The Treasury offered $24 billion in 10-year notes originally issued on Feb. 15, 2019 and maturing on Feb. 15, 2029.
The median rate on the notes was 2.425 percent, down from the median rate of 2.585 percent during the Treasury’s last 10-year auction roughly a month ago and the lowest rate seen at a 10-year Treasury auction since December 2017.
Why It’s Important
Stock market investors have been watching the bond market closely for any signs of economic trouble on the horizon. Strangely enough, the bond market and the stock market have been giving investors mixed signals so far this year.
Typically, falling bond yields and falling stock prices are indicators of fears about slowing economic growth.
Last month, the Federal Reserve reiterated its plan to be patient on further rate hikes after getting some mixed data on the strength of the global economy, particularly in Europe and China.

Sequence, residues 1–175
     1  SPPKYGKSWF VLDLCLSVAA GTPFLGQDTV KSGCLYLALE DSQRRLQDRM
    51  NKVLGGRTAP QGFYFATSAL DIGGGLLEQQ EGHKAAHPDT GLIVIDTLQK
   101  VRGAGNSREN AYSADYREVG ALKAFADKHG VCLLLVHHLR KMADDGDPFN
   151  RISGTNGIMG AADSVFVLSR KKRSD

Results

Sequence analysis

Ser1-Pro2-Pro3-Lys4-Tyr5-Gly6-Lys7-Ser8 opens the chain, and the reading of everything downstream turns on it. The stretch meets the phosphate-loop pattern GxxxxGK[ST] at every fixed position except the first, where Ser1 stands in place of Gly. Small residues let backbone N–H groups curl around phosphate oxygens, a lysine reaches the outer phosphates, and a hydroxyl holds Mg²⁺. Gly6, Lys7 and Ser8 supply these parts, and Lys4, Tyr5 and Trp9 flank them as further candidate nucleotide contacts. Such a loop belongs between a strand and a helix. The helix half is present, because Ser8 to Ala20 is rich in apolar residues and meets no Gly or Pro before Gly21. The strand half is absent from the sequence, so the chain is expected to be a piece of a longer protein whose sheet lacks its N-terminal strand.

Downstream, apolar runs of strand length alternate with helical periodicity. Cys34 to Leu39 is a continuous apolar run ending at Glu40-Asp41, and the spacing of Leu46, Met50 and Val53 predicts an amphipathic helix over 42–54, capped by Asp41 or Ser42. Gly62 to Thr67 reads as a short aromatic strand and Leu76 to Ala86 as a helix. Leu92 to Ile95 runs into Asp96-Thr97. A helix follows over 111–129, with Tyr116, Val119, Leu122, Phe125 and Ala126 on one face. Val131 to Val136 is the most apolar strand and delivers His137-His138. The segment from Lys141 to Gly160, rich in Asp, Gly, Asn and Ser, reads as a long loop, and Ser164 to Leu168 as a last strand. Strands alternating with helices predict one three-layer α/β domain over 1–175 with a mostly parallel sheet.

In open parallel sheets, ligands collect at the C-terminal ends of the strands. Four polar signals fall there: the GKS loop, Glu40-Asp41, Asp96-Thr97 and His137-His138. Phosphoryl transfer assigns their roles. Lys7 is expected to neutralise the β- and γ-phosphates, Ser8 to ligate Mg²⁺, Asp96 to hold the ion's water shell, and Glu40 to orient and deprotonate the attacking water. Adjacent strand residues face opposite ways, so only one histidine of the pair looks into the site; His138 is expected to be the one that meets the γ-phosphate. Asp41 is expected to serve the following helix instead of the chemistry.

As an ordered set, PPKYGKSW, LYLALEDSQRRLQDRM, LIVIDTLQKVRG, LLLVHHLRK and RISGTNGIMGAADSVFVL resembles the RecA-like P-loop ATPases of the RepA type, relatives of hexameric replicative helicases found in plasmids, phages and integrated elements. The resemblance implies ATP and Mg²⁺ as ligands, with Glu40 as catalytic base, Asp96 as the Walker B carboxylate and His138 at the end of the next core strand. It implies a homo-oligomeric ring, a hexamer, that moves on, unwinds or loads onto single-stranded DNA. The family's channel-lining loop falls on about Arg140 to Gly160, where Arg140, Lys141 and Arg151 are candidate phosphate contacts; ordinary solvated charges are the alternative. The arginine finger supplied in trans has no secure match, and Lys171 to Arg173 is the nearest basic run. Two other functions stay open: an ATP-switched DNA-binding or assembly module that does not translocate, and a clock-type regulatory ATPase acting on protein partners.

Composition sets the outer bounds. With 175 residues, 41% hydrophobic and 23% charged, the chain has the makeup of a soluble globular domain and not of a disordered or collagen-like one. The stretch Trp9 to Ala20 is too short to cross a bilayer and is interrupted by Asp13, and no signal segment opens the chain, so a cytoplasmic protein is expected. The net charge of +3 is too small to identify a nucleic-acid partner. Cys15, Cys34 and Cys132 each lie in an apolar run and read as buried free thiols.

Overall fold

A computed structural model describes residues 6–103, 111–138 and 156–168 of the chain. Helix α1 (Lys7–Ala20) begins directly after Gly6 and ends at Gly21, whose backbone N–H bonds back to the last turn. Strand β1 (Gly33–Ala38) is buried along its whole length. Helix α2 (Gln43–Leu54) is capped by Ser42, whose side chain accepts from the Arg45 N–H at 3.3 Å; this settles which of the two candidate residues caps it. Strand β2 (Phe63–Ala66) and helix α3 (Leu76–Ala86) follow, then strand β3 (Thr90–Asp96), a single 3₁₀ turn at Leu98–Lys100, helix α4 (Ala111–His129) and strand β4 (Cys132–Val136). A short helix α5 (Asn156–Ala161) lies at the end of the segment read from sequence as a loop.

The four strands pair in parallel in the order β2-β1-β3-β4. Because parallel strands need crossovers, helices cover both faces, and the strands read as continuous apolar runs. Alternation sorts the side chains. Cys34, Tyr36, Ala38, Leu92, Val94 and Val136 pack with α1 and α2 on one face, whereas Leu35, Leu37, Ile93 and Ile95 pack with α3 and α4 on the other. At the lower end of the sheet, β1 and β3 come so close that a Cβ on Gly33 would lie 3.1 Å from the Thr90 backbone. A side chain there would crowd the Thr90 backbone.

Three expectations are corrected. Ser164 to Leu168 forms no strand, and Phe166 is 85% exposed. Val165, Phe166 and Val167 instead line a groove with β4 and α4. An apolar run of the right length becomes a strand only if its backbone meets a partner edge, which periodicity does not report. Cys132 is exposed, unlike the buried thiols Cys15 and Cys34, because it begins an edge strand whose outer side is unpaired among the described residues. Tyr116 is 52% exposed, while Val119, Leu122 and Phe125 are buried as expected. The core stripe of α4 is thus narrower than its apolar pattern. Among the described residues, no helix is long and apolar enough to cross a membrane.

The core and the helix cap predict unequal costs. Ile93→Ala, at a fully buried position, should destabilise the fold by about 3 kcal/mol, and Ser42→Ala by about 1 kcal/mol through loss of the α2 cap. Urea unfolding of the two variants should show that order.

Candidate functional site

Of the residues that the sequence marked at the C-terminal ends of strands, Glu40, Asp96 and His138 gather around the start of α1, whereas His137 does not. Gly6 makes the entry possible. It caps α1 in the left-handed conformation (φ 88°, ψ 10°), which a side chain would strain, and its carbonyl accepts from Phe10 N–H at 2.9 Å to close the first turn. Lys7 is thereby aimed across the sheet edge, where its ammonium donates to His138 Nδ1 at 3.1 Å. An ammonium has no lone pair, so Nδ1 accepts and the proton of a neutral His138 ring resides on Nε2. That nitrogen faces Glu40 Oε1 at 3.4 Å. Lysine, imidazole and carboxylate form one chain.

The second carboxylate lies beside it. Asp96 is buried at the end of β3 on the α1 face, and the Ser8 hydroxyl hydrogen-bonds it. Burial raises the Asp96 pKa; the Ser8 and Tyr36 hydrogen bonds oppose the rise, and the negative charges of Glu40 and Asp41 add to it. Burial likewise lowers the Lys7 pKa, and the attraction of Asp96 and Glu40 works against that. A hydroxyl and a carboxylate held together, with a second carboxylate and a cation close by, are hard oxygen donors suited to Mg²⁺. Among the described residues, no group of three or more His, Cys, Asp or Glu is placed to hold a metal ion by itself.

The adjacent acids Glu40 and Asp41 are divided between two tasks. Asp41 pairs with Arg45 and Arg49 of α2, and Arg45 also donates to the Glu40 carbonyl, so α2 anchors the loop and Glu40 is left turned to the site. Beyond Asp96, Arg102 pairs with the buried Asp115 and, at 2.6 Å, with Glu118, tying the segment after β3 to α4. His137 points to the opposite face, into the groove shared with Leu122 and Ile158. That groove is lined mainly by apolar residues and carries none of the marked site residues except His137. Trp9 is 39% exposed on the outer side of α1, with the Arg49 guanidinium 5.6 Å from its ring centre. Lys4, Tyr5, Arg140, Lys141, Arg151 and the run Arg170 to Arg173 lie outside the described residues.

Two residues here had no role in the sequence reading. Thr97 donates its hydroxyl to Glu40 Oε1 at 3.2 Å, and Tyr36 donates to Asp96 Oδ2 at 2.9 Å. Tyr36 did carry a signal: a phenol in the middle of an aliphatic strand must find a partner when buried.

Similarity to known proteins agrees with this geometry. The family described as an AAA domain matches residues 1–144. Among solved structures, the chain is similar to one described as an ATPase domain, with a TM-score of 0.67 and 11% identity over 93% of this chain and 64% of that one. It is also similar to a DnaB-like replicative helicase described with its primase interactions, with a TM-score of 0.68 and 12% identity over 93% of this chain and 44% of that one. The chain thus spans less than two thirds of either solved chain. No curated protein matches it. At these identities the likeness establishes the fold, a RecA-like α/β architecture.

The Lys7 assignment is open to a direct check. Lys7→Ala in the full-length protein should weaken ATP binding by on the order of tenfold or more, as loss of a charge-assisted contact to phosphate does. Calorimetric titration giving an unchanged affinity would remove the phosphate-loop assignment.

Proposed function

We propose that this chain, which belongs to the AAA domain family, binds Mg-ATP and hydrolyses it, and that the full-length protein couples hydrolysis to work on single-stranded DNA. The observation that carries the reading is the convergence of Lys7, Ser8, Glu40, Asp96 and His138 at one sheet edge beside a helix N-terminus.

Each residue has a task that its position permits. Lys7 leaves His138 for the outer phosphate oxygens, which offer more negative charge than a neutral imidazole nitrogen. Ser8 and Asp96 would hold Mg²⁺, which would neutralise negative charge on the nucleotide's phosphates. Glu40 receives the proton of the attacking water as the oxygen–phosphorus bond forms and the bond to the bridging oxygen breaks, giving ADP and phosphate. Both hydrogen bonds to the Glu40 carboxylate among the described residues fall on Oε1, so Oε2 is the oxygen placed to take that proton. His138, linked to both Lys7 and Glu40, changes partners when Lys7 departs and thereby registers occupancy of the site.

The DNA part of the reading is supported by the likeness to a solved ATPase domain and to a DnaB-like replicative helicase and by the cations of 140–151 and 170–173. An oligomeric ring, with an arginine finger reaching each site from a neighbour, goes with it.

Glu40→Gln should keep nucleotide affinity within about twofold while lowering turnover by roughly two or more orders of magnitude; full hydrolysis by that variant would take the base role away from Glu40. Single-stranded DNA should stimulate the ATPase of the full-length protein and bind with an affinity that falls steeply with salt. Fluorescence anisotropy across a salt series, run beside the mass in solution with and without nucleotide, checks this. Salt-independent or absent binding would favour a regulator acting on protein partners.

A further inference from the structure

The Fed lowered its economic growth forecast from 2.3 percent to 2.1 percent. It also said 2019 inflation rates will average 1.8 percent, down from 1.9 percent and below its 2-percent target. Finally, the new estimated unemployment rate is 3.7 percent, up from 3.5 percent in December.
According to CME Group, the bond market is pricing in a 44.4-percent chance the Fed’s target rate range of 2.25 percent to 2.5 percent will remain in place through the end of the year.
The bond market is pricing in a 55.6-percent chance of at least one interest rate cut sometime in 2019.
U.S. Treasury yields fell across the board Wednesday after the European Central Bank voted to hold rates steady. Investors will now turn their attention to the Federal Reserve March meeting minutes, which are due to be released Thursday afternoon at 2 p.m. ET.
The iShares 7-10 Year Treasury Bond ETF (IEF) fell $0.01 (-0.01%) in after-hours trading Wednesday. Year-to-date, IEF has gained 1.09%, versus a 8.46% rise in the benchmark S&P 500 index during the same period.
This article is brought to you courtesy of Benzinga.